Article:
Today’s NYTimes article by Lawrence Altman and William Broad traces the history of fraud in science with a view to identify the underlying causes. Not surprisingly, l’affaire Hwang is the immediate provocation.
It is chilling to read the long list of high profile cases of scientific misconduct:
- “In the early 1980’s, a young cardiology researcher, Dr. John R. Darsee, was found to have fabricated much data for more than 100 papers he wrote while working at Harvard and Emory Universities. His work appeared in The New England Journal of Medicine, The Proceedings of the National Academy of Sciences and The American Journal of Cardiology, among other top publications.”
- “In 1999, federal investigators found that a scientist at the Lawrence Berkeley Laboratory in Berkeley, Calif., faked what had been hailed as crucial evidence linking power lines to cancer. He published his research in The Annals of the New York Academy of Sciences and F.E.B.S. Letters …”
- “The year 2002 proved especially bleak. At Bell Labs, a series of extraordinary claims that seemed destined to win a Nobel Prize, including the creation of molecular-scale transistors, suddenly collapsed. Two of the world’s most prestigious journals, Science and Nature, had published many of the fraudulent papers, underscoring the need for better safeguards despite two decades of attempted repairs.”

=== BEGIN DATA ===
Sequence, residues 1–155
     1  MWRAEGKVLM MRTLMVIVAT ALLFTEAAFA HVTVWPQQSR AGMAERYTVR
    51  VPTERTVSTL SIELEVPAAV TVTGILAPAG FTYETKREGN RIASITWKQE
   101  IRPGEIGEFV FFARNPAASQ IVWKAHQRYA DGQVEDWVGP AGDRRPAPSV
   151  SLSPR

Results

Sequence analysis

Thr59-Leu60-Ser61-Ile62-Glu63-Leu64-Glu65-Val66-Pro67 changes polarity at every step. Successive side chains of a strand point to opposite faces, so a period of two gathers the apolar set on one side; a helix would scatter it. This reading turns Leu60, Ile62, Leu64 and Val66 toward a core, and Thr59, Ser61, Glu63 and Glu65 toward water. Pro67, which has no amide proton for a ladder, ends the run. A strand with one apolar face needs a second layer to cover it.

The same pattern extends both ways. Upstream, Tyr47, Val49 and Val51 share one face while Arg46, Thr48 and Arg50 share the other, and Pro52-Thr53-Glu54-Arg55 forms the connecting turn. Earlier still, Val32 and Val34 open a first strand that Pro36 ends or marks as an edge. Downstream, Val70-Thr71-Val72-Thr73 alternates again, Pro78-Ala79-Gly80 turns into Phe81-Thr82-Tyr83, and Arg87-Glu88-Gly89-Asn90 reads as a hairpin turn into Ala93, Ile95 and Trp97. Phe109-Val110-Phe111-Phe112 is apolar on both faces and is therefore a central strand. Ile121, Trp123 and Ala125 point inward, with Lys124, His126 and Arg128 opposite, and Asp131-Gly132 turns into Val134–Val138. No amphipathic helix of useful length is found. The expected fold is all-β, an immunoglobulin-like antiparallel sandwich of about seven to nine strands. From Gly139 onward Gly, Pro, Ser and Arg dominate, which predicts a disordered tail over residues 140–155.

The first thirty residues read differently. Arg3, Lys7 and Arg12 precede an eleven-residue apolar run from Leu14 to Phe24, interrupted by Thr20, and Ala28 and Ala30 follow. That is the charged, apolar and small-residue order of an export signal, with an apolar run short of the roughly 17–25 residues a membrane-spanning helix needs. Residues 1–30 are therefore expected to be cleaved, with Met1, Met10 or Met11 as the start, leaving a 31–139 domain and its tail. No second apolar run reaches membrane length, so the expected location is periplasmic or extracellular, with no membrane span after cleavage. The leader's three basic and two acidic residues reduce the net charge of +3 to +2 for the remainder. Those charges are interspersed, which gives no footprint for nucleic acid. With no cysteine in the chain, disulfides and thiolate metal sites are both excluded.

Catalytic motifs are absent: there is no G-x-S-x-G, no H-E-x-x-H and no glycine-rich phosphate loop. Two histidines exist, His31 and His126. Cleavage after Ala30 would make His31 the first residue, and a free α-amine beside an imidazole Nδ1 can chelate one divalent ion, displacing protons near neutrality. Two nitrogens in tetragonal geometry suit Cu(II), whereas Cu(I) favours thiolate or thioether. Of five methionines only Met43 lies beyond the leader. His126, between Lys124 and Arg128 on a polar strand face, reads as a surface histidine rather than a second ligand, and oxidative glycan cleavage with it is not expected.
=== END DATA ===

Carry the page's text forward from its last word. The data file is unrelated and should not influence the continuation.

- “… serious doubts about the truthfulness of published studies done in Canada and India.” (see footnote )
- And, of course, the Hwang Woo Suk disaster involving human cloning experiment. (see footnote )
Given so many high profile frauds emanating from the US laboratories, one would think that these guys would at least display some caution when they discuss frauds that have taken place in other countries. No such luck! Here are two representative paragraphs:
“The Korean case shows us that we should be a lot more cautious,” Marcel C. LaFollette, the author of “Stealing Into Print: Fraud, Plagiarism, and Misconduct in Scientific Publishing,” said in an interview. “We have been unwilling to ask tough questions of people who are from other countries and whose systems are different because we were attempting to be polite.”
Experts now say that the explosive growth of science around the globe has made the problem far worse, because most countries have yet to institute the extra measures that the United States has put in place. That imbalance is at least partly responsible for a rise in scientific scandals in other countries, they say.
One really has to admire the strength of their faith in the “extra measures that the United States has put in place”. Don’t get me wrong, here; I am all for instituting them in India and other countries. However, shouldn’t these guys look at why frauds continue to happen in the US labs, in spite of these “extra measures”? After all, it is possible that the “extra measures” have no deterrent value at all in checking fraud in high impact research; and if so, we should be looking elsewhere. Is it even necessary to see the Hwang affair through the lens of “US vs. the rest”, when such a view could lead to a misdiagnosis of the underlying cause?
So, what makes the misconduct in high impact cases different from that in low profile cases? P.Z. Myers offers a possible answer.
 Read this piece in the British Medical Journal for more information on the Canadian and Indian studies referred to by the article.